The Chemical Senses. Overview of Questions. Why is a dog’s sense of smell so much better than a human’s? Why does a cold inhibit the ability to taste? How do neurons in the cortex combine smell and taste?. The Chemical Senses: Survival value. “Gatekeepers” of the body which
Smallest difference in concentration that can be detected between two samples
(a) Two molecules that have the same structures, but one smells like musk and the other is odorless.
(b) Two molecules with different structures but similar odors.
Recognition profiles for some odorants. Large dots indicate that the odorant causes a high firing rate for the receptor listed along the top; a small dot indicates a lower firing rate for the receptor.
The structures of the compounds are shown on the right.
(a) A portion of the olfactory mucosa. The mucosa contains 350 types of ORNs and about 10,000 of each type.
(b) All ORNs of a particular type send their signals to one or two glomeruli in the olfactory bulb.
10,000 of one ORN type
Smell the same
Patterns of activation in the rat olfactory bulb. Red, orange, and yellow indicate high activation. Black arrows (same areas); White arrows (differences).
Hundreds of molecules from the coffee, orange juice and bacon are mixed together in the air, but the person just perceives “coffee”, “orange juice, and “bacon.” This perception of three odors from hundreds of intermixed molecules is a feat of perceptual organization.
One of the abilities of the brain that’s affected by Alzheimer’s disease is the hippocampus.
Scratch and sniff test to name various smells.
(b) A fungiform papilla on the tongue; each papilla contains a number of taste buds.(c) Cross section of a taste bud showing the taste pore where the taste stimulus enters. (d) The taste cell; the tip of the taste cell is positioned just under the pore.
(e) Close-up of the membrane of the tip of the taste cell, showing the receptor sites for bitter, sour, salty, and sweet substances. Stimulation of these receptor sites triggers a number of different reactions within the cell that lead to movement of charged molecules across the membrane, which creates an electrical signal in the receptor.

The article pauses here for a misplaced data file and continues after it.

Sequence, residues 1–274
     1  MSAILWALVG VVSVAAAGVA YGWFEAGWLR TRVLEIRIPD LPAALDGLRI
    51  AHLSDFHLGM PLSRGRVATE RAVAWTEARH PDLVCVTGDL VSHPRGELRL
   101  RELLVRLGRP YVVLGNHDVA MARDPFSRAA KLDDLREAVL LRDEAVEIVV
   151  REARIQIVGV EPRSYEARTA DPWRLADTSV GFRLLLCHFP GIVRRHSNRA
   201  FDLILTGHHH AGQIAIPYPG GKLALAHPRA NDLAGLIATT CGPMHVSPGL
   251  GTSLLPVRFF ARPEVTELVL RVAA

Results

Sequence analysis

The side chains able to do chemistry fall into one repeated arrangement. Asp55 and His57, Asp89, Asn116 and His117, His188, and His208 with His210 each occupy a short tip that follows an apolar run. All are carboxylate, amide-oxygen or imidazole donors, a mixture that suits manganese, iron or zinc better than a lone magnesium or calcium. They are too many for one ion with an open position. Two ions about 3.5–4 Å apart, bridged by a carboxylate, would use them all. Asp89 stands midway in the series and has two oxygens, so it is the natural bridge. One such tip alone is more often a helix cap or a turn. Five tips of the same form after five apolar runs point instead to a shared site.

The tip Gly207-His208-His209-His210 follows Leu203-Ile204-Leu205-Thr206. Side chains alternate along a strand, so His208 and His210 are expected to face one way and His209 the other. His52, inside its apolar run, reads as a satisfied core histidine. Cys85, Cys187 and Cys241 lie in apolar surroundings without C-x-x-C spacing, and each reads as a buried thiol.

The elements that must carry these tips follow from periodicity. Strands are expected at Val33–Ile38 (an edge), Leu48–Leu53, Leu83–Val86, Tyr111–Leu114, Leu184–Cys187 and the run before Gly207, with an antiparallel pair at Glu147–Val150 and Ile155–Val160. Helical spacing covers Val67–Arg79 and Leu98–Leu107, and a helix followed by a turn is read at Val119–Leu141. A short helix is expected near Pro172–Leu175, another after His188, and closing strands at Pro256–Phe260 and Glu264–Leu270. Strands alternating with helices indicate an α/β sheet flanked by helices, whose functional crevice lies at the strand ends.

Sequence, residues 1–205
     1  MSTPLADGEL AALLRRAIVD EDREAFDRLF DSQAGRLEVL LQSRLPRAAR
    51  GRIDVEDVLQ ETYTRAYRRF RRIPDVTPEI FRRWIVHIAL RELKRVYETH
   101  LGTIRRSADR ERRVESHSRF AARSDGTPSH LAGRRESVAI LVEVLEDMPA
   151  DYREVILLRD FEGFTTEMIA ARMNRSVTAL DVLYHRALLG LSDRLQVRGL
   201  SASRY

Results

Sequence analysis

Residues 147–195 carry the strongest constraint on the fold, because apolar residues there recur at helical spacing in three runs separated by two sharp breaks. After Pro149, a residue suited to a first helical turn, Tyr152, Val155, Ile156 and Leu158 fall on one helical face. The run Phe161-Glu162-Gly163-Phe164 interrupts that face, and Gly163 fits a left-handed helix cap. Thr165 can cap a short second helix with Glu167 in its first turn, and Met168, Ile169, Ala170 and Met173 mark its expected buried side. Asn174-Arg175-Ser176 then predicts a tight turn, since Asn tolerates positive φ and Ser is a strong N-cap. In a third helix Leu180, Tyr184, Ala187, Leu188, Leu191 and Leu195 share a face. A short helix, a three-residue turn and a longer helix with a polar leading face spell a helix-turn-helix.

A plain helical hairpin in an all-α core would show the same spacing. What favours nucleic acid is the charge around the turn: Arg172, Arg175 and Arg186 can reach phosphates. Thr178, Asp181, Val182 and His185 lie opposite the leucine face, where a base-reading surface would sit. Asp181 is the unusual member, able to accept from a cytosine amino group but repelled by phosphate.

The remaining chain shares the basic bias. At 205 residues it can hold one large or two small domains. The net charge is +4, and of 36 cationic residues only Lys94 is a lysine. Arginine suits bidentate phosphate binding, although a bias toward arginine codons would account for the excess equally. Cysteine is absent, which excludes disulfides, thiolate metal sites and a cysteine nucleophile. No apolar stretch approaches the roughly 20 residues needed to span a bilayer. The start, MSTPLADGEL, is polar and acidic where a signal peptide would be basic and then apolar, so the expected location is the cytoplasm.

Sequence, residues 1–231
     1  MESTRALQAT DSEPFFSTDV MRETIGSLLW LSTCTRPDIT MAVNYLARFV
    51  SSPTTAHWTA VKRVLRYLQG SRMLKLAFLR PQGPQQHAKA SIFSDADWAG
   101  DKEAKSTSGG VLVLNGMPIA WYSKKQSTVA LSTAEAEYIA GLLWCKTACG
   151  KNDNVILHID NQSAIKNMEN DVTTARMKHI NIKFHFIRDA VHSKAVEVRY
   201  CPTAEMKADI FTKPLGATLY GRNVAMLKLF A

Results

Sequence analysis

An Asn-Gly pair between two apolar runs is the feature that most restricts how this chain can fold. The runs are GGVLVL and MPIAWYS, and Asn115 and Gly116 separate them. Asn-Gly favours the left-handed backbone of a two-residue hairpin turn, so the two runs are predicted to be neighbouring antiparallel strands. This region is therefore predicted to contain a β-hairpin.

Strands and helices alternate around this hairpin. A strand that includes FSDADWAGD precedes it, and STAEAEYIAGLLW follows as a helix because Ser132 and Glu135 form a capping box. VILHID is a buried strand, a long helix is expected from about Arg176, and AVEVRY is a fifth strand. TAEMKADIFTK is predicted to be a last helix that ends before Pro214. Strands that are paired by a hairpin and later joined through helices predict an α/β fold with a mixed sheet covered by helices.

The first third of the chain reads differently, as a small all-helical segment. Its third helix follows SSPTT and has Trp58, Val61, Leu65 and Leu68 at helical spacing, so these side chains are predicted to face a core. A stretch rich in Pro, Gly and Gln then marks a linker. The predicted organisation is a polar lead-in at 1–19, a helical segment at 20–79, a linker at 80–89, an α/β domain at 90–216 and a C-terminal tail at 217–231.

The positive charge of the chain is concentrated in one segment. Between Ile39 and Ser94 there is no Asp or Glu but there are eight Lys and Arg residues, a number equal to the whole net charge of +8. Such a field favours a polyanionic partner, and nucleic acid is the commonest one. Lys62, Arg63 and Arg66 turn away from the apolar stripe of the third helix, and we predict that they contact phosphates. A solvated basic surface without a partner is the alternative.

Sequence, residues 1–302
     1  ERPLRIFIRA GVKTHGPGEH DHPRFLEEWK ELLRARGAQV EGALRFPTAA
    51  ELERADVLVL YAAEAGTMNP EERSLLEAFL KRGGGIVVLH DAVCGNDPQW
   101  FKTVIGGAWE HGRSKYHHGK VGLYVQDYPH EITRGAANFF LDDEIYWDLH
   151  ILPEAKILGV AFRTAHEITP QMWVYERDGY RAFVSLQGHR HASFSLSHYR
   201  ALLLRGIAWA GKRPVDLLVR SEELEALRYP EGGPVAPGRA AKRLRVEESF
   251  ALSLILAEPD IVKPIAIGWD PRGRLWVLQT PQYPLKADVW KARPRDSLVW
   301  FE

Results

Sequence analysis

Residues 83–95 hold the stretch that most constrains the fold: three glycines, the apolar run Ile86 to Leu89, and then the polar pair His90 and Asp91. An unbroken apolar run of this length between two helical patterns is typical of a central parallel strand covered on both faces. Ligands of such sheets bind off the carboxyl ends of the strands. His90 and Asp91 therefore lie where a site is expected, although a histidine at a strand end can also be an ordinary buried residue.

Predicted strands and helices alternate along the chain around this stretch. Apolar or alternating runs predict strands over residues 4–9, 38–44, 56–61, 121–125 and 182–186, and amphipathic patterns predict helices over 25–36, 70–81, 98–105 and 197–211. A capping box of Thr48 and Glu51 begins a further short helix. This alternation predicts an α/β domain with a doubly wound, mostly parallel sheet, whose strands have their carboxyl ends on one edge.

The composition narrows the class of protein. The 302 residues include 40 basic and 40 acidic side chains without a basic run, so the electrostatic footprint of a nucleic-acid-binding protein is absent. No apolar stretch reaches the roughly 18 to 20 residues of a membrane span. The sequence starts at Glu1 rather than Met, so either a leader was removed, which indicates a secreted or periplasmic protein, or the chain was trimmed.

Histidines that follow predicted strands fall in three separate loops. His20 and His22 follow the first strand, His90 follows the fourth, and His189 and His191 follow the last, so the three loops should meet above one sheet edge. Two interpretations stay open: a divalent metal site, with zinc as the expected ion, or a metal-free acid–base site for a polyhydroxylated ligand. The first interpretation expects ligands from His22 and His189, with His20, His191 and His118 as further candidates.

The central pathway for taste signals, showing the nucleus of the solitary tract (NST), where the nerve fibers from the tongue and the mouth synapse in the medulla at the base of the brain. From the NST, these fibers synapse in the thalamus and the frontal lobe of the brain.
Odorant molecules released by food in the oral cavity and pharynx can travel though the nasal pharynx (dashed arrow) to the olfactory mucosa in the nasal cavity. This is the retronasal route to the olfactory receptors.
Figure 15.23 How people described the flavors of three different compounds when they tasted them with nostrils clamped shut and with nostrils open. Each X represents the judgment of one person.
Figure 15.24 The orbital frontal cortex (OFC) receives inputs from vision, olfaction, and touch, as shown. It is the first area where signals from the taste and smell systems meet. (Adapted from Rolls, 2000)
Must be prepared with great care.
Fish contains poison that causes muscle paralysis.
Alive but can’t move or breathe.
Because of the high levels of toxicity and the high chance of death if not prepared properly, fugu is the only dish that the Japanese Emperor is not allowed to eat.